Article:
How did I get here? My Journey to Library School

What do you want to be?

When I was younger, and people asked the age-old question “What do you want to be when you grow up,” my answer changed every few years. First, it was “horse trainer,” but I was allergic to hay. Then it was “veterinarian,” but I didn’t want to see animals in pain. Then it was “archaeologist” for a while, but my interest in Egyptian mythology faded with time. Soon after, it became “microbiologist,” because of the cool science channel documentaries. By the time I got to middle school, I had no real clue what I wanted to do, so whenever anyone asked, I just said “a secret agent,” or “a spy,” because I was really into the Spy Kids movies at that time. 

Now, for some context, I grew up in a military family and moved around a lot. 8 different houses, 7 different schools, finally settling down just before middle school. The school I went to from 6th grade through high school graduation was a tiny K-12 school in northern NY, with a total school population of 350 students on average per year. There were 38 kids in my class when I eventually graduated. It was at this school that the pressure was put on. We kept getting asked that same question every year. “What do you want to do when you grow up?” I was still settled on “spy,” and I kept it that way until the last year of middle school. “Spy” was no longer a proper answer in 9th grade. 

I vividly remember sitting down in the tiny school library and taking what they were calling a “find your career path’’ test. It was the start of 9th grade, and it was at this time they decided all the students needed a proper answer to that question. Around me, all the other students were finishing their tests and learning what they should be based on their interests. When I finished the test, however, I saw an empty page with a small line of text. “Could not provide results based on answers.”

How about a woman in STEM

We were supposed to pick one of the options then, then make a PowerPoint about that career, but with no options, I fell back onto Microbiologist, unsure what else to do. Now, back when I transferred to this school, something changed. I can’t quite place what or how, but at the end of 6th grade, something changed. This tiny school had an award ceremony at the end of each year that gave an award to the two students with the highest GPA in the grade. I’d never really considered myself a smart student, but when my name was called for that award for the first time, I was shocked. It was at this moment that I realized that I was smart and that if I applied myself, I could do whatever I wanted. Unfortunately, this is probably also what set me down the wrong path. I continued to get that award every year, and with it came the comments of “she’s so smart,” and the general conversation of me potentially being a “woman in STEM” when I grew up.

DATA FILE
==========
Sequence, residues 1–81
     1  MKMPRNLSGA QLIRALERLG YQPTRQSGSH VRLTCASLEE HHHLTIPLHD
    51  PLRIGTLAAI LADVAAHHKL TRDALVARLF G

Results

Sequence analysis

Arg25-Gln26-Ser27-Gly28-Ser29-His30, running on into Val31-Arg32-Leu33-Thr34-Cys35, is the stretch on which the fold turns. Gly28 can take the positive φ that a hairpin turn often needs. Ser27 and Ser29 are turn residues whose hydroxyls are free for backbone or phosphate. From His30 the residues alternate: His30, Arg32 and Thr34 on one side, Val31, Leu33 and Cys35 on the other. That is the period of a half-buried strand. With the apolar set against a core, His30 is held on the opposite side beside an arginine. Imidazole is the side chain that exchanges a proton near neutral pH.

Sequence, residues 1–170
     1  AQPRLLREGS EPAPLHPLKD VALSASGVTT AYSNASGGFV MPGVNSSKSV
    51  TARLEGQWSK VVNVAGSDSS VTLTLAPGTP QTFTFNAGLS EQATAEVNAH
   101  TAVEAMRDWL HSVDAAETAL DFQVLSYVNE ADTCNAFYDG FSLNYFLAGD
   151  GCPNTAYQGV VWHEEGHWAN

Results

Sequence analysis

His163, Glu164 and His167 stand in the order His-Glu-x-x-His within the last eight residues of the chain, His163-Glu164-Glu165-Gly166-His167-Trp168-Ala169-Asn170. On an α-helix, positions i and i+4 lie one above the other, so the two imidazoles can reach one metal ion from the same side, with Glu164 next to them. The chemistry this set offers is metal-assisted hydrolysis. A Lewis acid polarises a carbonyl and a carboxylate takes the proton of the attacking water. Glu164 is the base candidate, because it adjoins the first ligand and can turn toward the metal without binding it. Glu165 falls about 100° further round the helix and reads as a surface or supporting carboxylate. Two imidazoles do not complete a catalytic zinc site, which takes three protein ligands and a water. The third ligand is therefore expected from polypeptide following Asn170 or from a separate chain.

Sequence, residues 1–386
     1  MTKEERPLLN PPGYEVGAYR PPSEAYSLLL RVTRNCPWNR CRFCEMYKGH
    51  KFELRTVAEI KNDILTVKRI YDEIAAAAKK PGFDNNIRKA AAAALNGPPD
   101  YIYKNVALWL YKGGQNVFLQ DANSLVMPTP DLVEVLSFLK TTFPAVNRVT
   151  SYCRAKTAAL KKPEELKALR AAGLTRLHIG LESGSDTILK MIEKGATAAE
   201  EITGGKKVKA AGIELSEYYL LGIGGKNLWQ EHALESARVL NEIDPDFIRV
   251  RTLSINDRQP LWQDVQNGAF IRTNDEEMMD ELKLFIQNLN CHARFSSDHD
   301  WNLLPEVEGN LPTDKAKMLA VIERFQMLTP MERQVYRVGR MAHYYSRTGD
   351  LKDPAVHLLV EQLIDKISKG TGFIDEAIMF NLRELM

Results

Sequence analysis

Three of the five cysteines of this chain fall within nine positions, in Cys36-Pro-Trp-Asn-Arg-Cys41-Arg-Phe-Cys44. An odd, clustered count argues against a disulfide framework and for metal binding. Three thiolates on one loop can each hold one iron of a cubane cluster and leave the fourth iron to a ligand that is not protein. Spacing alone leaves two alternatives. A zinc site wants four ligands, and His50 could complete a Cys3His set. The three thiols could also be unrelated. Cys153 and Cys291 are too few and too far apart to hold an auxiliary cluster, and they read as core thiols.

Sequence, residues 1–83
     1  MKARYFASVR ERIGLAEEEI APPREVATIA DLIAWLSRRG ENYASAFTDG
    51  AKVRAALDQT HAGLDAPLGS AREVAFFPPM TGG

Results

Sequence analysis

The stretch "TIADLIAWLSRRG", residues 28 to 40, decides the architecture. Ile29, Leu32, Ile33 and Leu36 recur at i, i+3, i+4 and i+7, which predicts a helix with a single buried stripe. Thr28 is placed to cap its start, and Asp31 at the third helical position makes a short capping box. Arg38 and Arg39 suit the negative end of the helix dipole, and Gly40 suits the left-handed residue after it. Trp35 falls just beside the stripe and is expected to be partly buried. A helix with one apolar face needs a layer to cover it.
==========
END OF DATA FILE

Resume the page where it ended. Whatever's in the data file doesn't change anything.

See, I enjoyed science a lot. Watching National Geographic, the Science Channel, Animal Planet, you name it. My two favorite TV shows were River Monsters and How it’s Made. And when I did well in school, particularly in science class, I just assumed “well, I’m smart, so that must mean I have to go into a science field!”

So when that job quiz came, and when the guidance counselor kept asking me what I wanted to do, I just assumed science was the correct answer. My interest in Microbiology was still there, and I was interested, but it wasn’t quite what I was looking for. Around that time, a remake of the show Cosmos was released, hosted by Neil deGrasse Tyson. I was fascinated. Space, black holes, the stars. I had found a new answer to that question. “Astrophysicist.” I hadn’t yet taken a physics class at that point, but I was good at math and the other sciences, so the guidance counselor was satisfied with my new answer. 

Visit to NASA (Florida) in 2018

As I progressed through the remainder of high school, I was confident in my new answer. I was happy that I’d figured out what I wanted to do. I became president of several student clubs, like the Library Club, which I helped to create. I applied to colleges for Astrophysics and began the wait. As 11th grade ended, and the summer began, I couldn’t find a job, so I reached out to the small town library and asked about volunteering. The library director let me volunteer as a library page, reshelving books and helping at all the summer events.